Horseless Carriage Education

Technical Articles

Castings and Popsicles

Author: Harold Sharon

I was sitting in the sun with my daughter and granddaughter yesterday when I was offered a popsicle. After the first bite I looked at the fractured surface and saw a perfect casting grain display.

Grains growing inward from the surface, and grain boundaries coming right to the surface. The grains, of course, were ice crystals. If this had been a tensile failure of a litle cast iron, cast steel, or cast aluminum part, it would have looked the same.

Castings are articles made by the simple freezing of molten metal ( castings can be other material, too, like popsicles). Under metallurgical examination, we see grains and grain boundaries. Think of crushed rock, held together with glue.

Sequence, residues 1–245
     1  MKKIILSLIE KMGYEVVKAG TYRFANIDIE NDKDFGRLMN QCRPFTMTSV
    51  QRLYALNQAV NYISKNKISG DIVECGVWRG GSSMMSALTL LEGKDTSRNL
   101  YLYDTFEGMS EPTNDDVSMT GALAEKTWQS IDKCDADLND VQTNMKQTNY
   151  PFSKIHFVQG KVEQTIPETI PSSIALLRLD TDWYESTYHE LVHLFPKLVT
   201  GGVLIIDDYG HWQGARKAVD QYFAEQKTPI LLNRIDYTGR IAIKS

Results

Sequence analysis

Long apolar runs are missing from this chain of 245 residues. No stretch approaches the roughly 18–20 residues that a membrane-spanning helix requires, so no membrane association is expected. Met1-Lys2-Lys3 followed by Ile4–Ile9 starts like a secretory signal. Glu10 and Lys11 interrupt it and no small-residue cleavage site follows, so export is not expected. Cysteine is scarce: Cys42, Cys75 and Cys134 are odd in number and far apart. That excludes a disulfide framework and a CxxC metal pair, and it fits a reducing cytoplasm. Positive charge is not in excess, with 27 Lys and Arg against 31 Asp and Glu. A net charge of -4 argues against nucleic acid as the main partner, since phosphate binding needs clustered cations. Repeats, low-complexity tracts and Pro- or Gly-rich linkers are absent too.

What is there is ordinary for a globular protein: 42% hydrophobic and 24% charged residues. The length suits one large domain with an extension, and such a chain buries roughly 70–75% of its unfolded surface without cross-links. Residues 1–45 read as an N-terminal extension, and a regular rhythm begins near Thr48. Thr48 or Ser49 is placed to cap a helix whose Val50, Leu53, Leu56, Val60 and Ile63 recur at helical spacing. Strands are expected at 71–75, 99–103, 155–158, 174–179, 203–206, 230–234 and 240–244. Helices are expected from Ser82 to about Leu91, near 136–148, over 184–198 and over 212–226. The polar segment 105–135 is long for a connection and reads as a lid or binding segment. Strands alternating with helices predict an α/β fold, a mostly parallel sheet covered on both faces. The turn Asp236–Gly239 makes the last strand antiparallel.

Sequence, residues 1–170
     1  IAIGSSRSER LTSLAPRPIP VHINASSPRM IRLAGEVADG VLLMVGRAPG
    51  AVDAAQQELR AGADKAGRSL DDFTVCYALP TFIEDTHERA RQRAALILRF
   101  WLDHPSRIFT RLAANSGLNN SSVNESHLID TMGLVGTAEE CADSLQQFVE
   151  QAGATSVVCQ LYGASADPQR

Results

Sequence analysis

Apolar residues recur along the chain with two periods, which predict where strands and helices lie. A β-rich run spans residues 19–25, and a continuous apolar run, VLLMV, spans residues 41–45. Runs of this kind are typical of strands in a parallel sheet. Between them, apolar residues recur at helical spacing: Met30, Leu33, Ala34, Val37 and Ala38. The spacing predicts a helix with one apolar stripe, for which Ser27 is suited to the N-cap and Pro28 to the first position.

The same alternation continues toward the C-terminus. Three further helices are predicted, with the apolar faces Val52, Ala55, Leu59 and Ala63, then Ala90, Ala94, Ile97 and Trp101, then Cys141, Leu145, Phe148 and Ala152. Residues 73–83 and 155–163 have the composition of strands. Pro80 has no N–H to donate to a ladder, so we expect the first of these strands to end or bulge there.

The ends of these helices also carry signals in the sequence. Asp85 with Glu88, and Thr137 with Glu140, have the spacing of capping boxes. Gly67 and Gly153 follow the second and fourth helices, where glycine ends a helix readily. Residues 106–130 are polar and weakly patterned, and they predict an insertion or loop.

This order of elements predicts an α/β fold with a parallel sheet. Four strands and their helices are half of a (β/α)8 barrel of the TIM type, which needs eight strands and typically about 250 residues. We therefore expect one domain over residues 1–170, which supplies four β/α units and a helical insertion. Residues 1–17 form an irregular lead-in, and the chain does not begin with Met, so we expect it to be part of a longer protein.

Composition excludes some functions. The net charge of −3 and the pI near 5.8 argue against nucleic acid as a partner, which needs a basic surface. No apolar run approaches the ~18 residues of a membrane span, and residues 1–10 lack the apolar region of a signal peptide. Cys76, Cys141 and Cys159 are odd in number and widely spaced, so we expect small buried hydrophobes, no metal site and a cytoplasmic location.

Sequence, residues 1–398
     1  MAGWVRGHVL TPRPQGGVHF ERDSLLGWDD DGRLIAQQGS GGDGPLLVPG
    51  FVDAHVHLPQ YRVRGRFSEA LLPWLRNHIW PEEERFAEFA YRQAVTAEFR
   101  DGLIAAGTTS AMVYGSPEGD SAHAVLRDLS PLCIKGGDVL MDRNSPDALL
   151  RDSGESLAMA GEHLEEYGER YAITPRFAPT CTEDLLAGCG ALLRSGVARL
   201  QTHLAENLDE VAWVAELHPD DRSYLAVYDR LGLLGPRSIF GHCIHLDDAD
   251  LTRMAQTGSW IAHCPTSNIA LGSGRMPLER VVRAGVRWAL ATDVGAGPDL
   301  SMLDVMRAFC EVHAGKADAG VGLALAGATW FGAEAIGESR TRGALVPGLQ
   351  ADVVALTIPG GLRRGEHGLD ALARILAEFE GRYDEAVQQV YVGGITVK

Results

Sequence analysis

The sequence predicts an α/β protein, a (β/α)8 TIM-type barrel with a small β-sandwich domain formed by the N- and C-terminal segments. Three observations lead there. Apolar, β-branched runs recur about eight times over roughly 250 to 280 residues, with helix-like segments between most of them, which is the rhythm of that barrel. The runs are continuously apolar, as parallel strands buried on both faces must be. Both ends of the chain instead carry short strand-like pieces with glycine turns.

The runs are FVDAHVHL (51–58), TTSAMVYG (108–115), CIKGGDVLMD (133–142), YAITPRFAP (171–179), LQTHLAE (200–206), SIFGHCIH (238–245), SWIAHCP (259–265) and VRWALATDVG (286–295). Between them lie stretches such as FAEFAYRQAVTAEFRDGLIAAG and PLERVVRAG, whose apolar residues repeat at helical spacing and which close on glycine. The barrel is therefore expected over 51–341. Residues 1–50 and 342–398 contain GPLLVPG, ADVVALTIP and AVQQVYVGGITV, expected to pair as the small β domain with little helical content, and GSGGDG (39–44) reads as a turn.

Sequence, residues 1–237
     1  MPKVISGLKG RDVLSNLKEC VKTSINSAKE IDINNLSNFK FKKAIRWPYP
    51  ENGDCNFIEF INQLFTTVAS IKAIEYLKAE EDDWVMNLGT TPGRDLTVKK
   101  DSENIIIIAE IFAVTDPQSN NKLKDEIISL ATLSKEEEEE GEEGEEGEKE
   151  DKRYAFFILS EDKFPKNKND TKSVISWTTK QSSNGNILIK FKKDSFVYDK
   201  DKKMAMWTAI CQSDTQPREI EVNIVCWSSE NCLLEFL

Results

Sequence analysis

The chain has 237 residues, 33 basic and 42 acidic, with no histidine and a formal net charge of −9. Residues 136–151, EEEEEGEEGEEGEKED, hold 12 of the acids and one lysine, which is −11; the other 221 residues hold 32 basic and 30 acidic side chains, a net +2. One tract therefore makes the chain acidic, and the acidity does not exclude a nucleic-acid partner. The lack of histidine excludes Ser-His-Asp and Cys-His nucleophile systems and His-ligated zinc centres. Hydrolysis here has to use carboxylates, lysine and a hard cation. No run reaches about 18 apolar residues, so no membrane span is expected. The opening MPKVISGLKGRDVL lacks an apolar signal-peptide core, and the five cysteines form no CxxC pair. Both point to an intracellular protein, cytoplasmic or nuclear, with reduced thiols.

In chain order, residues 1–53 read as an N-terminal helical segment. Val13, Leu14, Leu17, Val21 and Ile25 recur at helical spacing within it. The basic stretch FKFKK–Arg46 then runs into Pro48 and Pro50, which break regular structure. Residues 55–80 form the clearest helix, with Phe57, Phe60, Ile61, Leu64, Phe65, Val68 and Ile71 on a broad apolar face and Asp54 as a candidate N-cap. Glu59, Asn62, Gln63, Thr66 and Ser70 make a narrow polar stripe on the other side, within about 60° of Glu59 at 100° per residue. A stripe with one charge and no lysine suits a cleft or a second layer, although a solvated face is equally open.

The conspicuous observation to make is the orientation of the grains. The grains begin to freeze out on the surface, and freezing progresses inward. Grain boundaries come right to the surface. Parts that are highly stressed will eventually fail, and the cracks will almost certainly start at the grain boundaries.

Forgings have grain with "flattened" shape and orientation, like corn flakes that have been left to dry in the bowl. Forging makes for stronger parts. But that's another story.

So, quick, while the weather's warm; bite into a popsicle ( or a piece of metal), and have a look.

For more of Harold's Great technical knowledge, check out His Book


Return to Article Index